Brexit No Deal: Will we really need a Car Insurance Green Card to Cross Border?
The Association of British Insurers is today setting out advice for consumers and businesses who may be affected by a no-deal Brexit.
In new guidance published today, drivers are being advised of the need to contact their insurer, arrange what is known as a Green Card and take it with them if they wish to drive their vehicle in the EU in the event of no-deal.
Green Cards would be required under EU regulations as proof of insurance if there was no-deal. The documents are supplied by your insurer and customers are advised to contact their insurer about a month before they travel to get one. Those who travel without one may be breaking the law. The same requirements will apply to EU motorists travelling to the UK.
Among those affected are:
- People who drive across the Northern Ireland/Republic of Ireland border.
- Anyone planning to take their vehicle to Europe e.g. a family planning a holiday to France in the Easter holidays.
- Any freight company planning to transport goods into the EU after 29 March.
Although an agreement between the relevant European insurance authorities was made in May 2018 to waive the need for Green Cards in the event of a no-deal Brexit, this has not been confirmed by the European Commission, hence the industry is planning on the basis of Green Cards being required.
Travellers are being reassured that travel insurance will continue to work in the normal way, even in the event the European Health Insurance Card (EHIC) system that allows people some free healthcare in the EU isn’t replaced. Customers should have their travel insurance documents or their insurer’s emergency medical assistance contact number with them as they have the medical expertise, contacts and facilities to help you if you fall ill or are injured abroad.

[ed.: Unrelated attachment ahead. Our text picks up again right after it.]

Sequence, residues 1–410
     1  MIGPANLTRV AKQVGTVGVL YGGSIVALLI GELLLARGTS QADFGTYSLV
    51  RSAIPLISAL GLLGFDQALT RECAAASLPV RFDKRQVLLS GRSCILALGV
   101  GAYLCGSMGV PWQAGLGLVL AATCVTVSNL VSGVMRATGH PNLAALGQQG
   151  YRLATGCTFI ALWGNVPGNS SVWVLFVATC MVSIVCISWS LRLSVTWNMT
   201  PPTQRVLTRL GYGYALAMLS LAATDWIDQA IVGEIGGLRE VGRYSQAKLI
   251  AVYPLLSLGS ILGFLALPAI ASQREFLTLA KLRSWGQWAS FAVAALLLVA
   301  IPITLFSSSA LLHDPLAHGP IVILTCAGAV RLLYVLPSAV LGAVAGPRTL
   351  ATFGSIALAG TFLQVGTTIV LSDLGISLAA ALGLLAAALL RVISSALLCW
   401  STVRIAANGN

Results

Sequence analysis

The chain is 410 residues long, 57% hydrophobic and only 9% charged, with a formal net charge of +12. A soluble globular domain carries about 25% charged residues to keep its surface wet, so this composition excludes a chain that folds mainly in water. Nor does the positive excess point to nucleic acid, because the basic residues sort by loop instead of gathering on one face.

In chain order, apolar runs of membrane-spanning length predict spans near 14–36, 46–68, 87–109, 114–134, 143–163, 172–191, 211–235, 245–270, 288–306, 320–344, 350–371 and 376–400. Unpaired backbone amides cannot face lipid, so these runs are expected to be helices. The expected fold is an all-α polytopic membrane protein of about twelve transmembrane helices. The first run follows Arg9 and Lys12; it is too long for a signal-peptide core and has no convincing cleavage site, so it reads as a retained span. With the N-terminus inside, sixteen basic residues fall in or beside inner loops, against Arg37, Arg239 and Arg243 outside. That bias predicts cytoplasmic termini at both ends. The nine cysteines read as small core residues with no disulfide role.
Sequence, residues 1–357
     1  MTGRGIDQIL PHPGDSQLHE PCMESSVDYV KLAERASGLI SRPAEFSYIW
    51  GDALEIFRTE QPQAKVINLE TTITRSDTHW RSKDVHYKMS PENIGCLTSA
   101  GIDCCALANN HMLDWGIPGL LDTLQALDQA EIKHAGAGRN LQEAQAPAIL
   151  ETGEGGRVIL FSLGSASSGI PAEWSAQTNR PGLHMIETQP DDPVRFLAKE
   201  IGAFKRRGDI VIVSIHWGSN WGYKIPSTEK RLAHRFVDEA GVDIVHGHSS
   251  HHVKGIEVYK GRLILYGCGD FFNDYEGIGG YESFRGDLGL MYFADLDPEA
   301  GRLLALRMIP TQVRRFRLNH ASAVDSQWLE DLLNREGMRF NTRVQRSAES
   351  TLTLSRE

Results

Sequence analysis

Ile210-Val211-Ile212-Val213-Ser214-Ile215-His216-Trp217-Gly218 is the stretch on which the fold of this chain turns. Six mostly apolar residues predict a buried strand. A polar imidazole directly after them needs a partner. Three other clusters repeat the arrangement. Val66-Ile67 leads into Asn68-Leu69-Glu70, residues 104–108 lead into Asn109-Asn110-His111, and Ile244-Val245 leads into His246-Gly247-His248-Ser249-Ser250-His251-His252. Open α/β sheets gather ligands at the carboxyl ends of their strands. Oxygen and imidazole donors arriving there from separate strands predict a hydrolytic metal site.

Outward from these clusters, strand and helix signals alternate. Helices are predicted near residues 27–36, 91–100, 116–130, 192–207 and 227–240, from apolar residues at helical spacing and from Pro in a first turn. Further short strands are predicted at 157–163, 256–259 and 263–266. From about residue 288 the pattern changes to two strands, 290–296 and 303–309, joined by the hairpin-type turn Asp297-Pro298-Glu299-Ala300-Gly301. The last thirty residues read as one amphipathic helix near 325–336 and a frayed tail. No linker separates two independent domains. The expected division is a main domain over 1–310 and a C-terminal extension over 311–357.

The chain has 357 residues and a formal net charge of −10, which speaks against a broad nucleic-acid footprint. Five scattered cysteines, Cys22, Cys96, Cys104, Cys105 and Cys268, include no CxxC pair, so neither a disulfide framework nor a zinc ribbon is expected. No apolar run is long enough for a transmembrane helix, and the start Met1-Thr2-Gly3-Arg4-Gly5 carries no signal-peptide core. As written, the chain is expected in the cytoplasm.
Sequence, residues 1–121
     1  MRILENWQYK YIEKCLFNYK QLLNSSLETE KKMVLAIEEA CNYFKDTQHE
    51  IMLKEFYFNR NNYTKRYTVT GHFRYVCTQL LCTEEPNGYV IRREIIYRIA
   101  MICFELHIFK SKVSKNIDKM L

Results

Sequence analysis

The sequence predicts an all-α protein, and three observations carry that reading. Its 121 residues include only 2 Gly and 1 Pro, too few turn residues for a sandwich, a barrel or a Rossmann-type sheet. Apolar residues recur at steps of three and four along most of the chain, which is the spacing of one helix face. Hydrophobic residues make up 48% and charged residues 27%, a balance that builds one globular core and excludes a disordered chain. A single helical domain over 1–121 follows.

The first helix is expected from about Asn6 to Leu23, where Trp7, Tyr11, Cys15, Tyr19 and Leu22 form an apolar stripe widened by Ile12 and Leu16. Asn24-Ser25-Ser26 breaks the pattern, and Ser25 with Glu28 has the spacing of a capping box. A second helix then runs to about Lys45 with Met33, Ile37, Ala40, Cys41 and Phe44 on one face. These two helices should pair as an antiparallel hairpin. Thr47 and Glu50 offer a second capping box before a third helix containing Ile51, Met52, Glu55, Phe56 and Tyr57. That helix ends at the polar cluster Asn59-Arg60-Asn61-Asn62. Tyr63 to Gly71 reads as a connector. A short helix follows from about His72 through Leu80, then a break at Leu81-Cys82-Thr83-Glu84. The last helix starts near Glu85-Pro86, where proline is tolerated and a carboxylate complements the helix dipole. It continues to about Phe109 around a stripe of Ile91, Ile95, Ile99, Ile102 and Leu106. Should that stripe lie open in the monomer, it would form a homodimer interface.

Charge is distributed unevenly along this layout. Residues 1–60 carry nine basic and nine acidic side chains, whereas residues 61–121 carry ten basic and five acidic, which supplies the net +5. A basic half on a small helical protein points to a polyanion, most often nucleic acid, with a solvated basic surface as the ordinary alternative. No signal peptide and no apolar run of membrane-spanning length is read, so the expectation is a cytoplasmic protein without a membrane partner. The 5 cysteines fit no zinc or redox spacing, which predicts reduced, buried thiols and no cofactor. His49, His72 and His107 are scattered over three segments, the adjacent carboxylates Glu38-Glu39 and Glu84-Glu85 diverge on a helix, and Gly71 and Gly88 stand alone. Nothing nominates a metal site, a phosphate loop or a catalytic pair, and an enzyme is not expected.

In the event of severe travel disruption at ports or airports customers are being advised that airlines, travel agents or credit card providers would be the first port of call for financial compensation.
If these routes have been exhausted and you have travel disruption cover in place as part of your travel insurance policy, it is possible that you will be covered against some financial losses. However this will depend on your policy so you should check with your insurer.
Director General of the ABI, Huw Evans said:
“As it looks increasingly possible that a ‘no deal’ Brexit may happen, we want all insurance customers to know the facts about what this means for them.
“If you live in Northern Ireland and drive to the Republic of Ireland, or if you plan to drive your vehicle to mainland Europe after a no-deal Brexit, you will need a Green Card to prove you are insured. You should contact your insurer before you travel in order to get one. This advice applies to businesses as well as individuals.
“Despite ‘no-deal’ uncertainty about the European Health Insurance Card (EHIC), I also want to reassure people that their travel insurance will continue to operate in the normal way when it comes to medical expenses, as emergency medical treatment is a standard feature. Customers should always double check their travel insurance policy meets their full needs.
“It remains the case that Insurers do not want a ‘no deal’ Brexit; it would be bad for the economy and bad for our customers. We continue to hope these arrangements are never needed and urge the Government, UK Parliament and EU27 to agree an orderly way forward.”
Key facts on the number people driving from UK to Europe:
- The NI Department for the Economy suggests that there are approximately 110 million crossings between Northern Ireland and the Republic of Ireland each year. This includes cars, HGVs and buses/coaches.
- Eurotunnel Shuttle Services carried 1.6m trucks and 2.6m cars in 2017 (total number; both directions).
- According to official statistics, in 2017 there were 2.4m HGVs travelling from Great Britain to Europe (excl. NI) and 370,000 HGVs travelling from Great Britain to Northern Ireland